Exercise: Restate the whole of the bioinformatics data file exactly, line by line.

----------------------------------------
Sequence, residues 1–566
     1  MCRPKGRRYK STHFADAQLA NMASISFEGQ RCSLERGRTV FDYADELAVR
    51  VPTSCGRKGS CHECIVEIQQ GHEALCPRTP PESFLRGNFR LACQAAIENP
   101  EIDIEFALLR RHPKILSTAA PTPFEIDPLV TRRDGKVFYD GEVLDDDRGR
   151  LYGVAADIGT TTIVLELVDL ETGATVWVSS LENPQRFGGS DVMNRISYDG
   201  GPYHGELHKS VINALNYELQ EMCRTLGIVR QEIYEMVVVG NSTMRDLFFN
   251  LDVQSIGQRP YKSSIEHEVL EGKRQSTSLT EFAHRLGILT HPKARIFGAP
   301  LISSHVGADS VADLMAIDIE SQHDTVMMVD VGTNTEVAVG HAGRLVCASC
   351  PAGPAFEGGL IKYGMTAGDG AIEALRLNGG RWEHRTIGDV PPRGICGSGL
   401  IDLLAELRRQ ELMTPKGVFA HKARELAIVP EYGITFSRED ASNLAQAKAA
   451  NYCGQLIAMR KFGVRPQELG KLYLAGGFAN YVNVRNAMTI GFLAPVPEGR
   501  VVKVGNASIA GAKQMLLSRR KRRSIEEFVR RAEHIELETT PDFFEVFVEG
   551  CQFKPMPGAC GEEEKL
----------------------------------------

Sequence, residues 1–566
     1  MCRPKGRRYK STHFADAQLA NMASISFEGQ RCSLERGRTV FDYADELAVR
    51  VPTSCGRKGS CHECIVEIQQ GHEALCPRTP PESFLRGNFR LACQAAIENP
   101  EIDIEFALLR RHPKILSTAA PTPFEIDPLV TRRDGKVFYD GEVLDDDRGR
   151  LYGVAADIGT TTIVLELVDL ETGATVWVSS LENPQRFGGS DVMNRISYDG
   201  GPYHGELHKS VINALNYELQ EMCRTLGIVR QEIYEMVVVG NSTMRDLFFN
   251  LDVQSIGQRP YKSSIEHEVL EGKRQSTSLT EFAHRLGILT HPKARIFGAP
   301  LISSHVGADS VADLMAIDIE SQHDTVMMVD VGTNTEVAVG HAGRLVCASC
   351  PAGPAFEGGL IKYGMTAGDG AIEALRLNGG RWEHRTIGDV PPRGICGSGL
   401  IDLLAELRRQ ELMTPKGVFA HKARELAIVP EYGITFSRED ASNLAQAKAA
   451  NYCGQLIAMR KFGVRPQELG KLYLAGGFAN YVNVRNAMTI GFLAPVPEGR
   501  VVKVGNASIA GAKQMLLSRR KRRSIEEFVR RAEHIELETT PDFFEVFVEG
   551  CQFKPMPGAC GEEEKL